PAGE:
There would be three minutes of extra time to play. The USA scored first to open extra time on a Josh Brewer to Chuck Aoki pass to score. Brewer would continue to create scoring opportunities for Aoki and that was also reciprocated during first extra time period. Batt and Bond matched the USA threat and the period ended at 54 all.

The second overtime saw Australia taking advantage of an Aoki turnover in not being able to corral Brewer’s tip to start the period, but the USA continued to match Australia’s scores. With 49 seconds remaining in the second overtime, a Bond pass to Batt took a 59-58 lead. Australia then defended well putting the USA under pressure as both Aoki and Wheeler were tied up before Aoki got the ball and called timeout with 15 seconds remaining. The ball was inbounded to Aoki who passed to Chuck Melton and on to Josh Wheeler for an apparent score to tie the match. The referee had other thoughts, as he indicated no goal as Wheeler had crossed the line prior to taking the pass. Australia inbounded the ball and Batt threw it up as Australia was golden.

The USA was gutted with the loss, but still picked up the Silver Medal and has medaled at all five Paralympic Games. They have two golds, a silver and two bronzes.

Team USA Game & Ranking Schedule

  • Sep 14 USA 51-42 France
  • Sep 15- USA 54-44 Sweden
  • Sep 16- USA 57-56 Japan-Extra time
  • Sep 17- 1st Semi-final USA 60-55 Canada
  • Sep 17- 2nd Semi-final Australia 63-57 Japan
  • Sep 17 – 7th Place France 57-54 Brazil
  • Sep 17 – 5th Place Great Britain 56-42 Sweden
  • Sep 18- Bronze medal Japan 52-50 Canada
  • Sep 18 -Gold medal- Australia 59-58 USA in double overtime (49 all at end regulation)

Team USA has had a great deal of success at Paralympic competition. It has 26-3 record earning Gold Medals in Sydney in 200 and in Bejing in 2008. They also earned Bronze Medals in Athens in 2004 and in London in 2012. Currently the USA is ranked number one in the world by the International Wheelchair Rugby Federation rankings after they won the Canada Cup. They now add a Silver medal in Rio.

Please check the USA Wheelchair Rugby web page for match recaps, scores and stats on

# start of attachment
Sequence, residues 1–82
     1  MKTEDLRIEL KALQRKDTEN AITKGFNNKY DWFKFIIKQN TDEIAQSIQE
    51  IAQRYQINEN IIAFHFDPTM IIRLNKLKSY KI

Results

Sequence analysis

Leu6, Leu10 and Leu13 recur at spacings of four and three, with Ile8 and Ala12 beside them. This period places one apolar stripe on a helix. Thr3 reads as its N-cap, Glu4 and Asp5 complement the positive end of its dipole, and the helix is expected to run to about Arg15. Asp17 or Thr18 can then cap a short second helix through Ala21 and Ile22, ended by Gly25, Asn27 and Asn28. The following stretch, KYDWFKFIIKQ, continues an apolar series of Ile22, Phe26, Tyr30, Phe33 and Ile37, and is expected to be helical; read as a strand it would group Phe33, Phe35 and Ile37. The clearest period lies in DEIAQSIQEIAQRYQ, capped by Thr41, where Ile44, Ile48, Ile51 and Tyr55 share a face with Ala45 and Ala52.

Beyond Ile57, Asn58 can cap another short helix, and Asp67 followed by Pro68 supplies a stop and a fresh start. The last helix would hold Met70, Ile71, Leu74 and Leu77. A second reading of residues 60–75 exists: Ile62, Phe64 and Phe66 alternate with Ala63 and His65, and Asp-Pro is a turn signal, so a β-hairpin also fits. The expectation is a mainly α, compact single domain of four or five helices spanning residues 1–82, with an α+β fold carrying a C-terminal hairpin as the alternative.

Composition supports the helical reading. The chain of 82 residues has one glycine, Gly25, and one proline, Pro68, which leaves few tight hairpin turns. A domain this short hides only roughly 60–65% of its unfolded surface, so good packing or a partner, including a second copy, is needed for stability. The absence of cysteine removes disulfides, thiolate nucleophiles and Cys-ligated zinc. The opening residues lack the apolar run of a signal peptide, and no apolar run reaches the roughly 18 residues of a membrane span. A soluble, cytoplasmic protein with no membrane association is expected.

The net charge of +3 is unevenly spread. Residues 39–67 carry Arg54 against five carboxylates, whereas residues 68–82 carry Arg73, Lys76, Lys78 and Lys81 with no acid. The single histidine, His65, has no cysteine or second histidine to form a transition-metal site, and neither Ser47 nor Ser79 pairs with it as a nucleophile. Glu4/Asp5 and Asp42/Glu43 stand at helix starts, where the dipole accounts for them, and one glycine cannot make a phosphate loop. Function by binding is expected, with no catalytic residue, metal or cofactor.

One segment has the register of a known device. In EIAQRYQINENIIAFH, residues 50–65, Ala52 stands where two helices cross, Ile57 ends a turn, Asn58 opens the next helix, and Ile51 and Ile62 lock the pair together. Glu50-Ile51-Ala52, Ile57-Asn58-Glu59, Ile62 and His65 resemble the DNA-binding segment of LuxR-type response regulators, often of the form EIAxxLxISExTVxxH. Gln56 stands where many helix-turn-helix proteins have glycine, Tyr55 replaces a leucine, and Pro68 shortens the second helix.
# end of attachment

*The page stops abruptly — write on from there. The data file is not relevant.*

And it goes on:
Team USA: 2 Chuck Melton (2.0), 3 Adam Scaturro (1.5), 5 Chuck Aoki (3.0), 6 Jeff Butler (0.5), 7 Jason Regier (0.5), 9 Eric Newby 2.0), 10 Josh Wheeler 2.5), 11 Seth McBride (2.0), 12 Chad Cohn (1.0), 15 Lee Fredette (1.0), 20 Josh Brewer (3.5), 22 Kory Puderbaugh (3.0), Coach James Gumbert

Australia: Ryley Batt (3.5), Chris Bond (3.5), Cameron Carr (2.0), Andrew Edmondson (2.0), Nazim Erdem (0.5), Ben Fawcett (0.5), Andrew Harrison (2.0) Joshua Hose (3.0), Jason Lees (1.0), Matt Lewis (3.5), Ryan Scott (0.5), Jayden Warn (3.0)

It should be noted that while wheelchair rugby is a co-ed sport, that Canada’s Miranda Biletski is the only female that has been selected to compete at the Paralympics in Wheelchair Rugby.

Canada: Miranda Biletski (1.0), Cody Caldwell (2.0), Ian Chan 2.5), Patrice Dagenais (1.0), Byron Green (0.5), Trevor Hirschfield (1.0), Fabien Lavoie (3.0) Zak Madell (3.5), Travis Murao (2.0), Patrice Simand (1.5), Mike Whitehead (3.0), David Willsie (2.0)

Japan: Masayuki Haga (2.0), Ike Yukinobu (3.0), Daisuke Ikezaki (3.0), Tomaki Imai (1.0), Kazuhiko Kanno (2.0), Kotaro Kishi (0.5), Shin Nakazoto (2.5) Seiya Norimatsu (1.5), Shinichi Shimakawa (3.0), Takeshi Shoji (2.0), Hidefumi Wakayama (1.0), Takahisu Yamaguchi (1.0)

Wheelchair Rugby Basics by the U.S. Paralympics have made it easier to understand viewing wheelchair rugby at the Paralympics in Rio.

“The objectives of wheelchair rugby is for a player to carry a ball across the opponent’s goal line in order to score a point. A volleyball is used and must be bounced or passed between teammates at least once every 10 seconds during play. The sport is played in four eight-minute stop-time quarters indoors on a basketball court. All players are classified based on their abilities from 0.5 to 3.5 points. Four players from each team are allowed on the court at a time and the classification value between them can not exceed eight points.”

“Paralympic wheelchair rugby competition is open to male and female athletes with physical disabilities, such as amputation/limb loss, spinal cord injury/wheel-chair users and cerebral palsy/brain injury/stroke.”

DJCoil Rugby Paralympics Wheelchair Rugby articles:

USA Wheelchair Rugby beat Canada & Play For Gold

USA Wheelchair Rugby Edges Japan in Extra Time to Win Pool

USA Defeats Sweden in Wheelchair Rugby at Paralympics

USA Wheelchair Rugby Opens With Win Over France at Paralympic Games

Wheelchair Rugby Begins September 14th at the Paralympics in Rio

USA Wheelchair Rugby Seeking Gold at Paralympic Games